Since Bosco came into our lives, raising and lowering the main sail has been a huge headache. 95% of the time, the main would get caught on the lazy jacks during raising (even if they are taken down, the main halyard catches on the blocks). Lowering the sail was much the same; leaving a huge mess on the deck below. We’d have to spend extra time at anchor tidying it all up, but we needed a better solution.
For those of you non-sailors, lazy jacks are a series of lines that come together to form a cradle over the boom. They assist in the lowering or reefing of the sail, by helping to guide the sail easily to the boom as its being lowered.
Although our setup was pretty standard, we found that for some reason or another, our lazy jacks didn’t want to work with us. They would get stuck, clang on the boom, and were basically more of a hinderance than a help. So, we investigated some “relatively” inexpensive solutions, and discovered the cradle cover, aka, stack pack.
The stack pack is a much more streamlined system that eliminates several tasks, saving both time and effort. The stack pack system stays up all the time (rather than being raised / lowered with each sail). So when you want to raise the main, you simply unzip the “built-in” bag and connect the main sheet halyard, then hoist. Its almost like 2 steps instead of 10, and nothing gets caught. The stack pack’s lazy jacks are all adjustable and removable as well, but its not necessary to do so. Lowering is as simple as un-cleating the halyard and letting the sail down – it stacks nice and neat on the boom, and you can zip up the “bag” and DONE.
Back in the days of Oriental, we hired a local sailmaker to fabricate and install this for us. But there was delay after delay after delay (mostly weather). The final straw was when we were 4 days passed our planned departure date and still waiting for the stack pack (or rather one part of the stack pack) to be delivered. Specifically 2-18-foot battens. They are the long fiberglass support pieces that give the stack pack shape.
Well we were sick of waiting as you know, so we gathered all the materials (minus battens) and took off. We figured (or Jake figured), how hard could it be to install this thing?
When we arrived in Port Royal, SC, the first order of business was to order the battens so that we could have them waiting for us after our Thanksgiving land adventures. And it all worked out swimmingly! Battens were ready for us the day after we got back to South Carolina.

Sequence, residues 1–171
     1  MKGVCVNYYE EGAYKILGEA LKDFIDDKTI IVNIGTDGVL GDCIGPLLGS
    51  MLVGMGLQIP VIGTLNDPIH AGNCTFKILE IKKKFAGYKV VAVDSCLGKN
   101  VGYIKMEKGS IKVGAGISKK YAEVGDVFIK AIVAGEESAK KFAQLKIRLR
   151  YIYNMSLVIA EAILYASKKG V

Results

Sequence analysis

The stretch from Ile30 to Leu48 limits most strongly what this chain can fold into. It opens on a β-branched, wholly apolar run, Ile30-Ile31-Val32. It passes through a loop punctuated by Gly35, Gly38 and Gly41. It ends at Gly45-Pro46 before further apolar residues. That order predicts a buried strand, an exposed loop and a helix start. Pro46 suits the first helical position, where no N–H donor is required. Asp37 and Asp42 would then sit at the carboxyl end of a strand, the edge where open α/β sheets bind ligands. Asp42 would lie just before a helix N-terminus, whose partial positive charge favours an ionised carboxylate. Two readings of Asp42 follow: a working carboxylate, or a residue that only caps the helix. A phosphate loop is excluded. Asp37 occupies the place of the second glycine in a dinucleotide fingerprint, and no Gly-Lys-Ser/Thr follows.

The directions suggested that the whole job should take around 3 hours, so we assumed it would take US the entire day. (It only took about 5 hours!)
How to Install a Cradle Cover / Stack Pack (by Jake)
- Step 1: Remove the old sail from the boom.
- Step 2: The most nerve-wracking part was mounting gear on the aluminum mast. there were 6 pieces of hardware to install, so I started with the bottom-most part. I had to install two cleats at the bottom, near the boom. Turns out it was much easier than expected, and that the clceats were installed in less than an hour. Just a few screws, 2 drilled holes, some sealant and a little elbow grease.
- Step 3: Climb the mast to install the padeyes and blocks. Jill belayed me as I climbed the mast. I had to hang in midair while drilling which was a little tricky. I made sure that EVERYTHING on me was connected to a lanyard and attached to my harness. Nothing was allowed to fall or get lost, because we only have one of each of these pieces.
I worked on the upper blocks next, using rope to tie them in place so they wouldn’t fall. I drilled the 1st hole, put the screw (with sealant) BEFORE drilling the second, to make DARN sure everything is lined up. Side 2 was much faster.
- Step 4: The pad eye installation was a breeze. I could stand on top of the boom and simply screw them in by hand (it was almost too easy). Hardware installation…complete.
- Step 5: Slide the battens into their respective slot in the stack pack (its pretty obvious where these go).
- Step 6: Jill and I had to work together to slide the canvas of the stack pack in the grooves of the boom. Once up, it looked like a huge mess of random ropes going all over the place. It took a few passes at the instructions and some playing around before we had it all figured out.
- Step 7: With our new game plan, I climbed back up the mast and ran the new lazy jacks (the ones connected to the stack pack) into all the new hardware that I just installed, with Jill at the bottom to tie it down. We waited until the last second to cut the old lazy jacks off, just in case something went wrong and we needed them.
- Step 8: The last few step was to tie off the remaining lines to the front and aft of the boom to give the stack pack its shape at the ends. At that point I also removed the old lazy jacks, adjusting the new ones at the same time.
- Step 9: I had to climb the boom to tie off the very last line (with a rolling hitch) so that there was no tension on the boom vang. But once that was tied (in a matter of a few seconds), we were done!
- Step 10: admire and enjoy your new stack pack.
Sure it would have been easier to wait and have someone else install the stack pack for us. But we were so tired of waiting on people to do work for us by then. Waiting on people to do YOUR boat work is sometimes as much of a pain as doing it yourself.
More importantly, you learn how the whole system works, so that if you have to take it down or if something breaks, you know how to fix it. We’ve learned where to pick our battles with hiring boat work. Plus its really expensive. If you know you don’t have the skills to do something yourself (like electrical), then its probably a good idea to hire a pro. But for some jobs, in fact most jobs, are better done yourself.